The second installment of the fabulous Jelisa Castrodale's coverage of The Austin City Limits Festival...
“Central Texas is in the middle of a drought,” the local weatherman said with a shrug during Friday night’s final newscast.
Of course that remark was enough to trigger torrential rain showers on Saturday, the local radar coated with more dark green splotches than the showers at the gym. The all-day downpour didn’t keep an estimated 65,000 music fans from returning to Zilker Park for the second day of the Austin City Limits festival. I made it too, after spending five bucks for a leaky poncho, wrapping myself in plastic like leftover cold cuts.
I’d hoped to catch an early afternoon set from droning Danish garagemasters The Raveonettes, but an unspecified immigration issue kept them out of the country and away from the festival. Instead, my first concert of the day was from Brooklyn’s Grizzly Bear.
The indie faves opened their set by apologizing for standing so far back on the stage. “I swear we love you guys,” singer Edward Droste said “It’s just because of the rain.” After that, it was one big underage singalong in the audience, starting with the first verses of “Cheerleader” and “Southern Point”.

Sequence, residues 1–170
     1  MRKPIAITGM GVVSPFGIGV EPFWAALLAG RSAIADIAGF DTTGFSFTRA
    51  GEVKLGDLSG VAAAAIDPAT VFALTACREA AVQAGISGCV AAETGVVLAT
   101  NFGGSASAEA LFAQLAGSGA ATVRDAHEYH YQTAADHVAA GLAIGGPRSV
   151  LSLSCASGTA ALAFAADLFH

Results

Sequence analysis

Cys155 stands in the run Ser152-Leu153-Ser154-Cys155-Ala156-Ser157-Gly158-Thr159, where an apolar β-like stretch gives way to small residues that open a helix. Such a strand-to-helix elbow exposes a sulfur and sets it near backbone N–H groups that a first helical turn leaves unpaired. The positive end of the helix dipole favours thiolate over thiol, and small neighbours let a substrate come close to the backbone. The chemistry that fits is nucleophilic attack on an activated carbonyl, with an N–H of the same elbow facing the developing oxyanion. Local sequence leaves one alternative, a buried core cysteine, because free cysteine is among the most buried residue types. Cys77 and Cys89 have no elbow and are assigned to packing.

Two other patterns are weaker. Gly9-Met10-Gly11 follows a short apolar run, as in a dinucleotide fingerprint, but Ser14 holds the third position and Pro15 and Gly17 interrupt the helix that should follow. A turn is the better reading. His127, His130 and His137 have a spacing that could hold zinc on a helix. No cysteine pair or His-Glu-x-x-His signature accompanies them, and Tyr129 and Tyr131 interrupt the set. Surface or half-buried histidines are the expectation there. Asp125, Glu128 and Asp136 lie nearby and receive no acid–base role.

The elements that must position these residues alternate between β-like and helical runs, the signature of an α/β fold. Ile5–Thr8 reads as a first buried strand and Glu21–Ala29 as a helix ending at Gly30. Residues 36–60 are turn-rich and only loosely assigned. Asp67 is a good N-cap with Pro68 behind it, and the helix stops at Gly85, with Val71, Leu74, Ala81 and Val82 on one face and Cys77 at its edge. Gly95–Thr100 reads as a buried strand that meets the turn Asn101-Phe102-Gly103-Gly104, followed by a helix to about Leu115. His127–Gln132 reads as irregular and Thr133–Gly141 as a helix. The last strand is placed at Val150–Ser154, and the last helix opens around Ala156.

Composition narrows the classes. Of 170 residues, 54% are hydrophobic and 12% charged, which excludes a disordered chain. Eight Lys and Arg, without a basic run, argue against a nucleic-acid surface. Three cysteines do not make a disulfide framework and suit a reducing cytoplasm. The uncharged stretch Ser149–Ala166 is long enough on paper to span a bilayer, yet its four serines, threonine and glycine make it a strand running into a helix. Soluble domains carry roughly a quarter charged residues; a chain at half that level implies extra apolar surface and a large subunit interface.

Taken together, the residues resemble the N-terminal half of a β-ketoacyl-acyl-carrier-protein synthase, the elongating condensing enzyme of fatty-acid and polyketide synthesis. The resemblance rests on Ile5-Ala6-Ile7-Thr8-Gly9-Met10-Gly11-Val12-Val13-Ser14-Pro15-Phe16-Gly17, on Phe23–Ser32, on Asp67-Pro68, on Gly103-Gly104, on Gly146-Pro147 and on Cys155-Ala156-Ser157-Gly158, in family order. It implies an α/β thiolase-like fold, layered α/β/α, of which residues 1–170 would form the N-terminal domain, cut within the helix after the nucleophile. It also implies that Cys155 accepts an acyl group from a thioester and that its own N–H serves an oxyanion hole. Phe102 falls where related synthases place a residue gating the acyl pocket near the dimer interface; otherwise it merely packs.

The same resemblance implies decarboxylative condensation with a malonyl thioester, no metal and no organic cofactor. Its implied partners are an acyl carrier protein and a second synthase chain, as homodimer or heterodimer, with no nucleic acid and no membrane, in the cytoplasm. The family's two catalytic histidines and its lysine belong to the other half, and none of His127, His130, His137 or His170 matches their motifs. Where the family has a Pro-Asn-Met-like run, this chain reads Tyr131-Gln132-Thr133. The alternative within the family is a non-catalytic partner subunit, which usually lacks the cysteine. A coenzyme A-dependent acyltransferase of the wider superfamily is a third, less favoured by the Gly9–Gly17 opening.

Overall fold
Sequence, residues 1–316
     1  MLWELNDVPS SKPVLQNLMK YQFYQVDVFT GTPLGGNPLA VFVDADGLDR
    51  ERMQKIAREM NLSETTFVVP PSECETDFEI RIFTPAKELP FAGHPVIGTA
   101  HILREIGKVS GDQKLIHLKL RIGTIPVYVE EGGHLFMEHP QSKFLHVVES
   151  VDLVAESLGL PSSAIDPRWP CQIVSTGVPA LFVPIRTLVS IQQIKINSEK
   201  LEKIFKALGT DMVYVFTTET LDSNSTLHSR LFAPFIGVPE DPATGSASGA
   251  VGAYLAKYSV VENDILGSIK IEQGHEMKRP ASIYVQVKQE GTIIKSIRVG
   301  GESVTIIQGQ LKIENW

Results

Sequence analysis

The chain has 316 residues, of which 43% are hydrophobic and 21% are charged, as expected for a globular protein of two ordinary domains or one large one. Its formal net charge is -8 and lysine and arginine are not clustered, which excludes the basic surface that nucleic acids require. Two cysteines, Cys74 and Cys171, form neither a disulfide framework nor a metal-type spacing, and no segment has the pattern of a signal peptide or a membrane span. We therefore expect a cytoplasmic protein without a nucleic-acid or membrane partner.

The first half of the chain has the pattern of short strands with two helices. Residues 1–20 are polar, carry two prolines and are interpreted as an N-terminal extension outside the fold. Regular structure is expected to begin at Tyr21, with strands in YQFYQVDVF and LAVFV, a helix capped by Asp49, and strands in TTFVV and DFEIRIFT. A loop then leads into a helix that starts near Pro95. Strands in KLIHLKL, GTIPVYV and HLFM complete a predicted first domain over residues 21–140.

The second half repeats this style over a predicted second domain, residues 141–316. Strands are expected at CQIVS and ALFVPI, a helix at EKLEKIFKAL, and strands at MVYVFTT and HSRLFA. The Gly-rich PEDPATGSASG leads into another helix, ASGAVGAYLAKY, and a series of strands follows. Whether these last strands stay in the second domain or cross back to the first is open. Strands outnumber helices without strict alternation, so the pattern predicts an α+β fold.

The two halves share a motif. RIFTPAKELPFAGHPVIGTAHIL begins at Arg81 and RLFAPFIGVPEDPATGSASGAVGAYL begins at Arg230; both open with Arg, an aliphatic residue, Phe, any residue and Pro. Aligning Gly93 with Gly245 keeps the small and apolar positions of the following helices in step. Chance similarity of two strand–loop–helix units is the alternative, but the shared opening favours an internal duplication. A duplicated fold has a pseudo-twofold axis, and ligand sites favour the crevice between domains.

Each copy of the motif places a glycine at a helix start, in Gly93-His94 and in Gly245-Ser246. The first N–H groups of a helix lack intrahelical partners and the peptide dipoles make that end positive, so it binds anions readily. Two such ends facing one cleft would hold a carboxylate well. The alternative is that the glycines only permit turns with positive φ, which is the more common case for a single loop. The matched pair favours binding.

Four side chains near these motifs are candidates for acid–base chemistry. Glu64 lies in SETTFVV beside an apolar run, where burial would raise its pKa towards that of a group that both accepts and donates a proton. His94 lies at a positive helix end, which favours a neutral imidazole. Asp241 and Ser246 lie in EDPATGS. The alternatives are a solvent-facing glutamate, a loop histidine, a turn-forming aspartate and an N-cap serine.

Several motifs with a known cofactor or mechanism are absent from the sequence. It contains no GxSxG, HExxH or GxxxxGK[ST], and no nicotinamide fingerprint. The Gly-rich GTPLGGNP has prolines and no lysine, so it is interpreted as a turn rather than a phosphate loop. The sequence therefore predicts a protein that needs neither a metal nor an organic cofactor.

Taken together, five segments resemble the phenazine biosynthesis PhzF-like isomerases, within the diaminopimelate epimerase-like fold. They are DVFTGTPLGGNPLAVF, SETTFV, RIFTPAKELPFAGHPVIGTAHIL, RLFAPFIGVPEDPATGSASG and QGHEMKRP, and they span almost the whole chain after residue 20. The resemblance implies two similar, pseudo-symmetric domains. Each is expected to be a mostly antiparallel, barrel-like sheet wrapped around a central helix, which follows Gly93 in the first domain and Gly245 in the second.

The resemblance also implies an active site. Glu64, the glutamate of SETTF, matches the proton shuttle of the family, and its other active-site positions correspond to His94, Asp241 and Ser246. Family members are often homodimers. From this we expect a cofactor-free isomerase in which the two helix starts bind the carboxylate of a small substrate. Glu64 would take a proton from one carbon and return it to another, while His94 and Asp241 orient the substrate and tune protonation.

Everything Droste said was followed by a squealed “That’s so awesome!!” from the American Apparel-wrapped girls beside me, making me feel like I was standing in the middle of several thousand smiley emoticons.
“That’s so awesome!”
“OMG! So awesome!"
Colon. Parenthesis. Stab myself.
Grizzly Bear’s harmonies were as gorgeous as anticipated, although sometimes an over-amped bass overpowered their delicate vocals. A shimmering version of “Two Weeks” followed, with Daniel Rossen on keyboards and bassist Chris Taylor cooing into the microphone like Gizmo the Mogwai. “THAT’S SO AWESOME,” American Apparel said, her head on the verge of exploding as she made a note to update her Facebook status when she got home.
Next, I stomped through the standing water to see seven-piece Celtic punks Flogging Molly. Dublin-born Dave King led the seven piece band through an insanely high-energy set that led to endless amateur Riverdances in the port-a-john line. I watched them for close to thirty minutes, partially because it was easy to get into the music and partially because I was hoping to see someone slip and fall.
After King gave lengthy introduction that name dropped people who died--ironically, without a reference to recently-deceased Jim Carroll who actually wrote “People Who Died”--including Joe Strummer, Johnny Cash, and Bob Marley, they tore into “The Lightning Storm” from last year’s Float, an album that sounds surprisingly like the three that preceded it.
Because I’m apparently in my late fifties, I’d really been looking forward to the performance by The Levon Helm Band, featuring the drummer and vocalist for twang-tinged rock legends The Band, the least Google-able musical act of all time.
The 69 year-old singer is a throat cancer survivor and, despite some recent vocal troubles, he’d hoped to perform at ACL. After he’d remained silent for five songs, band leader (this band, not The Band) Larry Campbell informed us that Helm was on medically-ordered vocal rest but “he’d be singing his ass off again real soon.”